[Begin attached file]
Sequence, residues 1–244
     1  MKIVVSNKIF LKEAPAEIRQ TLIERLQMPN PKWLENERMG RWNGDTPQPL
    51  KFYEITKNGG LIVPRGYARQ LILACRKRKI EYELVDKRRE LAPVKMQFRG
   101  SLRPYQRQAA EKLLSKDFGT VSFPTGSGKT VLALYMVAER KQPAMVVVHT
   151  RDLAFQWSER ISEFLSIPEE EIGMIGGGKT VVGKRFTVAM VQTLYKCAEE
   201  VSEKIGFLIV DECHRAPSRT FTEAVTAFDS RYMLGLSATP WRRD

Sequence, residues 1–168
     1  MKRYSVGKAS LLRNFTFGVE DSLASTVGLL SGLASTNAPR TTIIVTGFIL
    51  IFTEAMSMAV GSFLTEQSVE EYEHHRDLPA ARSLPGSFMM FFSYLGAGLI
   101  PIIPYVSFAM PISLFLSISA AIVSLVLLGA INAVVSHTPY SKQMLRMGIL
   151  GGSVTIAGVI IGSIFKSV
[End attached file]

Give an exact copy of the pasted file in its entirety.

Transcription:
Sequence, residues 1–244
     1  MKIVVSNKIF LKEAPAEIRQ TLIERLQMPN PKWLENERMG RWNGDTPQPL
    51  KFYEITKNGG LIVPRGYARQ LILACRKRKI EYELVDKRRE LAPVKMQFRG
   101  SLRPYQRQAA EKLLSKDFGT VSFPTGSGKT VLALYMVAER KQPAMVVVHT
   151  RDLAFQWSER ISEFLSIPEE EIGMIGGGKT VVGKRFTVAM VQTLYKCAEE
   201  VSEKIGFLIV DECHRAPSRT FTEAVTAFDS RYMLGLSATP WRRD

Sequence, residues 1–168
     1  MKRYSVGKAS LLRNFTFGVE DSLASTVGLL SGLASTNAPR TTIIVTGFIL
    51  IFTEAMSMAV GSFLTEQSVE EYEHHRDLPA ARSLPGSFMM FFSYLGAGLI
   101  PIIPYVSFAM PISLFLSISA AIVSLVLLGA INAVVSHTPY SKQMLRMGIL
   151  GGSVTIAGVI IGSIFKSV